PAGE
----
At their last known address—The Argonne Forest, France, 1919.
In their previous adventure, Alexandra Campbell and her business partner, Brighamina Poulson, discover a branch of Alex’s family that was previously unknown. Because of wicked deeds in days gone by, a soldier in World War I who should have been part of Alex’s family was lost. In fact, he was so lost, he didn’t even know his own name!
Through a series of coincidences (and we all know there are no coincidences in genealogy!) they track their man from France to Oxford, and even give him a name. However, upon their arrival in Oxford, before they even contact the man’s descendants, a member of the family is pushed under a bus right before their eyes! It soon becomes evident that the death was connected to the coming legacy. Who knew they were coming to Oxford with news of a fortune? What role does the mysterious Frenchman Etienne play in the dastardly doings? And what about Charles Lamb, a very eligible bachelor, also an heir to the estate?
Briggie is lost without her deer rifle and can’t keep up on the standing of her Kansas City Royals Baseball Team. She doesn’t think much of Oxford, either, and is worried about the effect of this center of secular wisdom on Alex. She is even more worried about Charles Lamb.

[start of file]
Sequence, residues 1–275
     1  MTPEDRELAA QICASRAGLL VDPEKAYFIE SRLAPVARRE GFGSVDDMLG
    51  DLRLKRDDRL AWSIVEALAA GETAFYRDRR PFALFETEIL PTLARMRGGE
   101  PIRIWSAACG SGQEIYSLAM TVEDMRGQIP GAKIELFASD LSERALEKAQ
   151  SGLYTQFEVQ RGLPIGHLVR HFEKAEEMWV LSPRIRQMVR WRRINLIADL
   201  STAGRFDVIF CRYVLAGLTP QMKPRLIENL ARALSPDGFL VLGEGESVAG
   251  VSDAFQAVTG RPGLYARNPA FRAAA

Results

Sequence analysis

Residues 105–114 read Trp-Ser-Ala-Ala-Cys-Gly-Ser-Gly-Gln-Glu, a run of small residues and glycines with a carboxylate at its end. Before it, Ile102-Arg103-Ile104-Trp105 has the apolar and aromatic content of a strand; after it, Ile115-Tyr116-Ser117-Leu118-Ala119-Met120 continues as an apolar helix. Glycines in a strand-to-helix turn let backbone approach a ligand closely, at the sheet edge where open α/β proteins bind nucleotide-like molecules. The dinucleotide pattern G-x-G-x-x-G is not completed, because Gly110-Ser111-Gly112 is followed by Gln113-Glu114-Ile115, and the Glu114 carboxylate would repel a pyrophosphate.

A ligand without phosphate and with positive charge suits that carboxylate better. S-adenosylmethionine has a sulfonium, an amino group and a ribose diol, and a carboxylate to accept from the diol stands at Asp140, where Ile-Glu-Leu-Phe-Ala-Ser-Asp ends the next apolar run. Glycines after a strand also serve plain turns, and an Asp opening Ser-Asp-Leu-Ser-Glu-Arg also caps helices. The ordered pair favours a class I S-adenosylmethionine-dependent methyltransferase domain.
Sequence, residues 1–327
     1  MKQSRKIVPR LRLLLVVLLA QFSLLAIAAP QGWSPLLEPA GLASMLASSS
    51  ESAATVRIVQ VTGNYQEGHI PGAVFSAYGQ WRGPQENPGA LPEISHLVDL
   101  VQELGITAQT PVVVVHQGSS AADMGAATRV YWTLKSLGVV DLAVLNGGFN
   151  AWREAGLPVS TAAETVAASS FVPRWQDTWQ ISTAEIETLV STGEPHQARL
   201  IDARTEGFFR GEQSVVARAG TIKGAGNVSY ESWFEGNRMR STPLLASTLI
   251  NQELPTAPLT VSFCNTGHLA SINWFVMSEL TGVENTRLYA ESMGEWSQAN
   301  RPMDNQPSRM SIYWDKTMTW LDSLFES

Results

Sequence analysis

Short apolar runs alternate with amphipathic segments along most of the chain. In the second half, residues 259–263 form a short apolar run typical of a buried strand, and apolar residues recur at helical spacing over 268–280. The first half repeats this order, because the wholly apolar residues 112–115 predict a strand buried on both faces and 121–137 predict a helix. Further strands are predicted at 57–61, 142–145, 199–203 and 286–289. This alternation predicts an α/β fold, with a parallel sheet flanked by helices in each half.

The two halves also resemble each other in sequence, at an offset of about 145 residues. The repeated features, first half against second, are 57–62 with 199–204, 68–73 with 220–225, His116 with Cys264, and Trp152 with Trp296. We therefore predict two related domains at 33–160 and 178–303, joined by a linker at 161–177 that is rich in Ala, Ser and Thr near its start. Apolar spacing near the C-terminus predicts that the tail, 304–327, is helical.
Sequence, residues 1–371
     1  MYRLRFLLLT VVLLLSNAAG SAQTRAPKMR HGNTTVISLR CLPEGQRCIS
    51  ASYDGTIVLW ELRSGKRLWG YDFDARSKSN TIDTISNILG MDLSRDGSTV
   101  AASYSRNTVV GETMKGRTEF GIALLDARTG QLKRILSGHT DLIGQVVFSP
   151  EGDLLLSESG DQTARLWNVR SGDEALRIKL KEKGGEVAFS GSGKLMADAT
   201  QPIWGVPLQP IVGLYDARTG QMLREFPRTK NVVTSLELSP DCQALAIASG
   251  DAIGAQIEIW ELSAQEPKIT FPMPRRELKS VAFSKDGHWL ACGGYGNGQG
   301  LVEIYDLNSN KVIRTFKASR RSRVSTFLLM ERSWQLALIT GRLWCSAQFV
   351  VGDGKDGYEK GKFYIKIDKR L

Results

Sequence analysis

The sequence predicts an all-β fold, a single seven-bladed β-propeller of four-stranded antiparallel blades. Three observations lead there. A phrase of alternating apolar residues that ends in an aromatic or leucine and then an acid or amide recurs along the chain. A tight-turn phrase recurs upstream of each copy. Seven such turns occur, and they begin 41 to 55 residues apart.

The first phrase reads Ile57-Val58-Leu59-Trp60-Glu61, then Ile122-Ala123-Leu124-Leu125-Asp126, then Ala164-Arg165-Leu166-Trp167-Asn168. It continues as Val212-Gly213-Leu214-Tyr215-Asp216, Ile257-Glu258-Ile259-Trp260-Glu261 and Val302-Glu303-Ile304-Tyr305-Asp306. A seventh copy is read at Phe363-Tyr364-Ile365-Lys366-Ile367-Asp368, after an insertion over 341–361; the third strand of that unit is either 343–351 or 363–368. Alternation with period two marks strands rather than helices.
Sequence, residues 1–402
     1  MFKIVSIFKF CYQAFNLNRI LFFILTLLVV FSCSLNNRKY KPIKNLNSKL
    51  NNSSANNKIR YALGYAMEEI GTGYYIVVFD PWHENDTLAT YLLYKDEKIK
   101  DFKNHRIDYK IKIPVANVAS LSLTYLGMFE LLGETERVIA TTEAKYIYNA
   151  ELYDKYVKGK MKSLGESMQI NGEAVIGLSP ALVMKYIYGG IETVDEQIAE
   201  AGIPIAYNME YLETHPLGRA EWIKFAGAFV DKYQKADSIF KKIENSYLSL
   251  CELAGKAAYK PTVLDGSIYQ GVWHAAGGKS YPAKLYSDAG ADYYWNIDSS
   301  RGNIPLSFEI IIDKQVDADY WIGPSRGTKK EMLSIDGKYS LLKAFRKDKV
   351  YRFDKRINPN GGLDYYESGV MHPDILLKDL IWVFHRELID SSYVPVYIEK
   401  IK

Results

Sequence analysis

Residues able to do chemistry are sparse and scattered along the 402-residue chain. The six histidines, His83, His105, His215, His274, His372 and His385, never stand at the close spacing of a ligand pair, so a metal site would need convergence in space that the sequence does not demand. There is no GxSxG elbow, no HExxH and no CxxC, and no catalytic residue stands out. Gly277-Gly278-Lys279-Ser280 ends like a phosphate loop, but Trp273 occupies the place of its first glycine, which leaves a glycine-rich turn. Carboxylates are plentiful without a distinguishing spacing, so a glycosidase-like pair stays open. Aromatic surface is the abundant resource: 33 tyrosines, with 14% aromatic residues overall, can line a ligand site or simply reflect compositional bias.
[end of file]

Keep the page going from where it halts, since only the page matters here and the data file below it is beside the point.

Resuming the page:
Book 2 of the Alex and Briggie mystery series.
Who’s Telling the Truth?
Holly Weston, a teenager locked down in drug rehab, claims she’s never used drugs, but that her incarceration is all a plot by her parents. Why? To establish her mental incompetency so she won’t discover that they’ve embezzled the fortune she is about to inherit. Her grandmother, a slightly dotty widow claims that her father was murdered when she was nineteen, after which she dyed her hair platinum, went to Hollywood, and met Clark Gable (and her husband). Holly’s mother, a rigid, disapproving figure, tells Alex and Briggie both her her mother and daughter are lying, forbidding them to dig any further among the family’s roots.
What in the world are Alex and Briggie up to now? Holly’s counselor has hired them to do a genogram or psychological pedigree, to find where the family secrets are hiding. She is convinced Holly’s mother is frightened for Holly. Why does Mrs. Weston refuse to acknowledge her grandfather’s murder? What is she so afraid of the RootSearch, Inc. team discovering about her family?